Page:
Cidade de Deus

Favelas in Rio de Janeiro today do not differ than the favelas presented in the film Cidade de Deus, set in 1960 and 70s Brazil. Even today, some favelas still do not have access to electricity and running water. The film follows Buscape, an aspiring young photographer living in the favela called Cidade de Deus. What makes his unique is that he uses journalism as his escape from the danger of living amongst a gang dominated favela. The critically acclaimed film won international acclaim because of its creative cinematic elements.

The acting is notable in that most of the actors endured year-long training (Hart 206). Some of the actors, Alexandre Rodrigues (Buscape) and Leandro Firmino (Ze Pequeno), are actually from the real Cidade de Deus. Hart mentions the reality of the film with the recreation of dangerous shoot out scenes, however; they did not shoot the film in the real Cidade de Deus, because it was too dangerous, consequently, they shot in a nearby favela.

What is real to both the fictitious and the real favela residents is poverty. First, City of God is a story of structure and agency. And secondly, it’s a story about being Brazilian in Cidade de Deus. Buscape rises from his criminal surrounding and becomes a straight-laced journalist. However, nearly all his childhood friends become involved in a criminal life. The structure of City of God perhaps allowed the growth of violence. Favelas are shantytowns composed of people that work and live even below the working class (Pino 21). The bourgeoisie benefitted from the work of the people from the favelas (18). The influx of jobless farmers provided temporary work instead of formal elongated work bound to contracts (18). The favela worker thus becomes a “sub proletariat” (18). Pino defines a sub proletariat as a temporary worker that reduces costs of the reproduction. With such a low standard of living and temporary jobs, what future does a young kid from an opportunity-less environment suppose to do with his time? In the City of God, the Tender Trio stole for the community that lacked basic resources; in return, the community protected them from the police. Crime and lower class neighborhood are often fixed side by side. This favela was predominantly African American; however, people of different ethnic groups were present. Unlike American ghettos, favelas were never intentionally racially segregated (Oliveira 76). Race was not a debilitating factor for social mobility in Buscape’s story. He finds a professional passion after encountering the media photographing Shaggy’s body. Having a brother that was a hoodlum, friends that met their end because of a hoodlum life, and surrounded by the gang wars, Buscape could not bring himself to becoming part of a gang.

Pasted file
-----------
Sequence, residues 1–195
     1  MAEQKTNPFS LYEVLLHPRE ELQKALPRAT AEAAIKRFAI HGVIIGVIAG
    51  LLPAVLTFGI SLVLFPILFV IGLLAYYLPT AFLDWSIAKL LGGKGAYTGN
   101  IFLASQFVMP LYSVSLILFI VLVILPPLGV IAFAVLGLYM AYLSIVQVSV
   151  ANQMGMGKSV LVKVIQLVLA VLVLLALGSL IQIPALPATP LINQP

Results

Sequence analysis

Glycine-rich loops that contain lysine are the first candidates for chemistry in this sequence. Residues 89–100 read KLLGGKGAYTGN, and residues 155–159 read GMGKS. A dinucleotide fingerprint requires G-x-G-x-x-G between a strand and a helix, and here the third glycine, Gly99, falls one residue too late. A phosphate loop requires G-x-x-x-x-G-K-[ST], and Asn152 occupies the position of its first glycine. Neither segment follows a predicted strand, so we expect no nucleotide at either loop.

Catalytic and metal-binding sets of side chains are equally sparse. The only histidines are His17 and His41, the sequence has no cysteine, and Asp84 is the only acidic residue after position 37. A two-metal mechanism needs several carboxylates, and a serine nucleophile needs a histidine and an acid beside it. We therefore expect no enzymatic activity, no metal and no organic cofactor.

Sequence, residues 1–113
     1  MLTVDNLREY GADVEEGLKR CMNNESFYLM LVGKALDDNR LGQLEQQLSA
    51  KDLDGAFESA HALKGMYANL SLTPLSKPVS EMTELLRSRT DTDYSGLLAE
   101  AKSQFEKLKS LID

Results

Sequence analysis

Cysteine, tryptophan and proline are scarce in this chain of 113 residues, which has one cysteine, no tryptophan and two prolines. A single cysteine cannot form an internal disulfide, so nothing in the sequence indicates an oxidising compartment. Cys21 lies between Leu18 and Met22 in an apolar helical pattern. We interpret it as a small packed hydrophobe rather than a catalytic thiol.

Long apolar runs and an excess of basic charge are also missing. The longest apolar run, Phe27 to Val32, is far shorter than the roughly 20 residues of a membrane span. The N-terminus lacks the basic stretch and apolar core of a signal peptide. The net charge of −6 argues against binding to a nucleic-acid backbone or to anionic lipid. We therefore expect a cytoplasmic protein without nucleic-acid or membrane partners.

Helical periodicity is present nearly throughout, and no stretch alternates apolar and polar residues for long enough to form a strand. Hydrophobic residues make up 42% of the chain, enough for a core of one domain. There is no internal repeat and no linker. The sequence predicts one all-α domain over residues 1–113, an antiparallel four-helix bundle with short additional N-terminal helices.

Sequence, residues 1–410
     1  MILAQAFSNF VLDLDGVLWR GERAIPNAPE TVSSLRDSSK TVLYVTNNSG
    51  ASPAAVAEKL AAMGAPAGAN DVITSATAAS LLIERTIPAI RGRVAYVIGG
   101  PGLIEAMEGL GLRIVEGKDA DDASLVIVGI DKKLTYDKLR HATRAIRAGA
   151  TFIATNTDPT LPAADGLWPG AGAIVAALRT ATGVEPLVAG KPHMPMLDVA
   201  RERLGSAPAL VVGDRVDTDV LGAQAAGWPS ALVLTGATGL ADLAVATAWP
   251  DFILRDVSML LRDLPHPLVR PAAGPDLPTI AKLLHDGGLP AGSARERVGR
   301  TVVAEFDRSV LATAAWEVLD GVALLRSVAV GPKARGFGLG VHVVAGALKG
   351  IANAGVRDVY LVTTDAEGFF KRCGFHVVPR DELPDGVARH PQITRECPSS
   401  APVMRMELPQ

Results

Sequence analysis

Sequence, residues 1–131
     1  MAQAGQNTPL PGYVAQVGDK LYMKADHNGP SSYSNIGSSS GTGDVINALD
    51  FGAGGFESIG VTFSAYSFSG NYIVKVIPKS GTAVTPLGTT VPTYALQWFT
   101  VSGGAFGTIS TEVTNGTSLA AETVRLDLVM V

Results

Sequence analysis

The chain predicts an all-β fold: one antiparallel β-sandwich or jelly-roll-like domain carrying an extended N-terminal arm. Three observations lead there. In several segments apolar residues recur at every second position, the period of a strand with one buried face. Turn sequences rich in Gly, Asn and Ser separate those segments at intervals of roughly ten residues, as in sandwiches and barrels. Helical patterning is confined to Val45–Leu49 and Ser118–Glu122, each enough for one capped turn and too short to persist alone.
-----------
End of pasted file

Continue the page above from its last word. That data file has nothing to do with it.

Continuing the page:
Being Brazilian in the Cidade de Deus meant experiencing the wave of industrialization and the consequence of urbanization after World War II (Pino 18). The film shows this through the flashbacks. First, Buscape remembers the Sixties when he was a kid. Cidade de Deus was a small establishment, but then a few years later, Cidade de Deus has expanded exponentially. Being Brazilian, the experience of religion runs deep within the culture, with Brazil being a traditionally Catholic nation. Religion is a silent presence. The city is called City of God; ironically, it is a playground for notorious gangs. It is also ironic that religion would protect Aligate, a member of Tender Trio, as he walks to the church right beside the police. The gang also prays before going into the final war. When Ze Pequeno breaks the rule from the Shaman, his infallibility dissipates.

In sum, being Brazilian means a mix of religions, races, and cultures. All these differences are not divided but have become a part of life in places such favelas. The film does not present race as an issue. The issue at hand was lack of positive opportunities for the children in the favelas.